It may not snow as much in Portland as in Chicago or New York City, but drivers must still be prepared when it does. This is especially true for people living in or visiting the mountainous regions of Oregon, where it snows much more often. Snow and ice reduce a vehicle’s traction and maneuverability, causing slower speeds, reduced roadway capacity, and an increased chance of being involved in a crash.
Understanding the risks
Winter weather can slow down traffic by over 30 percent and severely limit visibility. It is common for vehicles, especially smaller cars, to skid and fishtail. Lanes can be obstructed by snowbanks and debris, which can be even more dangerous if drivers can’t see them from a distance. After a storm, melting snow can become slush and refreeze, creating more ice. Vehicle crashes in these conditions account for nearly 900 deaths and nearly 76,000 injuries annually.
How to be prepared
By being aware of the weather forecast in the winter, you can prepare yourself for the commute. If possible, stay home when a storm passes through. If that isn’t an option, then you should know how to stay safe. Besides checking the weather, have a mechanic check the following vehicle systems before heading out on the road:
- Hoses and fan belts
- Spark plugs
- Air, fuel and emissions filters, and PCV valve
- Tire wear and air pressure
- Antifreeze level and freeze line
If your vehicle breaks down or is disabled in any other way, do not abandon it. If you have flares, light them in front and behind the car and make sure the exhaust pipe is not blocked by snow, mud or any other object. Along with flares, consider bringing a shovel, high energy foods, a first aid kit, and other supplies to help you if you get stuck in an unfamiliar place.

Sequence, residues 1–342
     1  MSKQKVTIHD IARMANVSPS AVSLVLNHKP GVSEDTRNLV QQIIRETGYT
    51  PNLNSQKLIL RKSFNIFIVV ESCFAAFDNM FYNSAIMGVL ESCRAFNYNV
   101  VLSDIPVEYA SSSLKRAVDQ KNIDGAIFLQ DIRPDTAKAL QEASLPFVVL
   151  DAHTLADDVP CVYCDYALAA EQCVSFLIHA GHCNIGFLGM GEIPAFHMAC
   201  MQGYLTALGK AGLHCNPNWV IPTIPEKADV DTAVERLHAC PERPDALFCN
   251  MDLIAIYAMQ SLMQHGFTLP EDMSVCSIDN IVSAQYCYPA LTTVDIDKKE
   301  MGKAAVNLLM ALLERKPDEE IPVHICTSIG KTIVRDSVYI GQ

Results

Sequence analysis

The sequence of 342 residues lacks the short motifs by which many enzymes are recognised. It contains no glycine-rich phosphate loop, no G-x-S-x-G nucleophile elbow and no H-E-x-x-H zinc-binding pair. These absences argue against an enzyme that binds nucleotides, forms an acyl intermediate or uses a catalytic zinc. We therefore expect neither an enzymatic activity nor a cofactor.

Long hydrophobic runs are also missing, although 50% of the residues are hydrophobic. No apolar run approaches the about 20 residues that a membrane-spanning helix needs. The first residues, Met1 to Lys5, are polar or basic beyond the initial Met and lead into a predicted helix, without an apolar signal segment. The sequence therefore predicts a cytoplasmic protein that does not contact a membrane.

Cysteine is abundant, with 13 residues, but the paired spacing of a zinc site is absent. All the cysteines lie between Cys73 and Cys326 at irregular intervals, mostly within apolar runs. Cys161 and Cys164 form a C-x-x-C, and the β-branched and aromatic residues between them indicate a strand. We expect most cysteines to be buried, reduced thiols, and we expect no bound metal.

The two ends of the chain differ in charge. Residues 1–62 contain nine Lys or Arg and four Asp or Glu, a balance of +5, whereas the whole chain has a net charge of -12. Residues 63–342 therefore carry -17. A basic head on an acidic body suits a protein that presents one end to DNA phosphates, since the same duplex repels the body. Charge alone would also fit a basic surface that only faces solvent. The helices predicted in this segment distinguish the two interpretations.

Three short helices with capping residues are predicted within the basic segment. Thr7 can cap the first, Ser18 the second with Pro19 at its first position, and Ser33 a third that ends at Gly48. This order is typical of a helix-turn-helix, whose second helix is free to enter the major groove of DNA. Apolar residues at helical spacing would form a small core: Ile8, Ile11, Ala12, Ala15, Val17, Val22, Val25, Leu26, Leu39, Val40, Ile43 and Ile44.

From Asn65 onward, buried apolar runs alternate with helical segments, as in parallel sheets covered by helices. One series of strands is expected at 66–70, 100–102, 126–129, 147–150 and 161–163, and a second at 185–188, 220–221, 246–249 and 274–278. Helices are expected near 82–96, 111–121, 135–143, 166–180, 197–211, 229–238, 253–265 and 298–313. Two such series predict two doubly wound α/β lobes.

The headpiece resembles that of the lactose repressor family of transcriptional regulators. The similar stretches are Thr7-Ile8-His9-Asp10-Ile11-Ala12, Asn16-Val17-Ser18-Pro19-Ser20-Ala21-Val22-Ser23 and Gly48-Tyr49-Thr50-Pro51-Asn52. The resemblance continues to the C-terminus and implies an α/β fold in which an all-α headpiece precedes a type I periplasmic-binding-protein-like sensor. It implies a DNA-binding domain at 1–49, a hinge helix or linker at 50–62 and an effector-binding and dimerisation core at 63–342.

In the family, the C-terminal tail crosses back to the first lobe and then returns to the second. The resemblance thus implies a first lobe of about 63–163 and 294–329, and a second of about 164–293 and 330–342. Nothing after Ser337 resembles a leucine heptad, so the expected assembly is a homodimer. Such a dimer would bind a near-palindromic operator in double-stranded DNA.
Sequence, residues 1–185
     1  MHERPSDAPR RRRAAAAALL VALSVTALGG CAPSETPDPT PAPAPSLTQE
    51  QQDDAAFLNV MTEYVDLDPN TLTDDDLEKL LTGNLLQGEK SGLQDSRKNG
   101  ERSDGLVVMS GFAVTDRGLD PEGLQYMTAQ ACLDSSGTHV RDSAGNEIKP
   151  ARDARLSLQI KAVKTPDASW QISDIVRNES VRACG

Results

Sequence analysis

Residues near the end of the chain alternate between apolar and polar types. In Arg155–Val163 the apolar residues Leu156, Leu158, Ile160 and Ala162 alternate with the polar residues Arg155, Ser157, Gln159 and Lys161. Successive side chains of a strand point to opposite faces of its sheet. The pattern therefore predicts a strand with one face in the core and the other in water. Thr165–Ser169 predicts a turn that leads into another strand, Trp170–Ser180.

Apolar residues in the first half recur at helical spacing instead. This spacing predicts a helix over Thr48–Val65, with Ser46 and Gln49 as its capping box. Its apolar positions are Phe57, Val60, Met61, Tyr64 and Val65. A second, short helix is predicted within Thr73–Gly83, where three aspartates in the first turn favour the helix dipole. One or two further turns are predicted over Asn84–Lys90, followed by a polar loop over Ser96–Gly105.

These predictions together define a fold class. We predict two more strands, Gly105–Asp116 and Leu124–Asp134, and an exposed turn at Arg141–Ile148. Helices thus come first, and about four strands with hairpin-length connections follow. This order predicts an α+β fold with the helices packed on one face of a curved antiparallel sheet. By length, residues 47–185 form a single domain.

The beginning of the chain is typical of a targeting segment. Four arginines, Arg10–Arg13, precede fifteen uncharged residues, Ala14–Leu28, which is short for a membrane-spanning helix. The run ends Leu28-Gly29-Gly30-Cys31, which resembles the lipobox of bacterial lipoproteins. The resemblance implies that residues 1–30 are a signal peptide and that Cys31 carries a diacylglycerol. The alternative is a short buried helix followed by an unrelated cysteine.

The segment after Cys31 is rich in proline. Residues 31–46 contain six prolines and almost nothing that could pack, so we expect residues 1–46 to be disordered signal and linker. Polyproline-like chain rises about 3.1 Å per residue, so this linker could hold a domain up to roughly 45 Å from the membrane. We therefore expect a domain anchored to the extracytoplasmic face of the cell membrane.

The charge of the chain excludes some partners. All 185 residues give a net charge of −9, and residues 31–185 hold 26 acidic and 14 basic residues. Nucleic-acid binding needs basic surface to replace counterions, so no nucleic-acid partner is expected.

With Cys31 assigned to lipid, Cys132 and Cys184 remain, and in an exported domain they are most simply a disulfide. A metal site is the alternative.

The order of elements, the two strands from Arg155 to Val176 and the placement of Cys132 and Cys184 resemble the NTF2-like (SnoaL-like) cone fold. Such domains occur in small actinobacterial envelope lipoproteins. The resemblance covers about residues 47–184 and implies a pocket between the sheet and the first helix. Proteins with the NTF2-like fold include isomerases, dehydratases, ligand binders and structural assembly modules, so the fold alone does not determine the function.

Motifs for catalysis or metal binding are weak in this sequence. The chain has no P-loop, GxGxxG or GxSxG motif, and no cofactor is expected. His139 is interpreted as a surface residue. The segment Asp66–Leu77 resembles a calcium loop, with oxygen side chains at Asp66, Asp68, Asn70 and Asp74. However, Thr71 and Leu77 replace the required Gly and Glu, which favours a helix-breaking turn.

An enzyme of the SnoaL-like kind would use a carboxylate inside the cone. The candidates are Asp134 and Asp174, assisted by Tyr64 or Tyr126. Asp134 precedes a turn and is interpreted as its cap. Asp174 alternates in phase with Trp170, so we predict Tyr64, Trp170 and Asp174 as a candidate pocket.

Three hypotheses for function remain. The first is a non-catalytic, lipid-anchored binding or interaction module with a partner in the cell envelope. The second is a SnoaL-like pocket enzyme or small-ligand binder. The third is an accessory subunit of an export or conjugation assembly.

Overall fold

When driving in the snow, be cautious. That means not using cruise control, slowly changing speeds, and giving more distance between yourself and the vehicle in front of you. Anti-lock brakes and traction control can help you keep control of your vehicle. Both technologies are standard in most new vehicles.
Taking Action After a Crash
Even if you take every precaution to reduce your risk of an accident when driving in winter weather, other drivers may be inexperienced or careless. If you are injured in a car accident due to snow or ice, you may be entitled to compensation, but such compensation is not always guaranteed. It is important to take strong legal action and contact an experienced automobile accident law firm. That way, you can make sure your rights are properly protected.
Call or email a car accident attorney today at Zbinden & Curtis for your free and confidential consultation.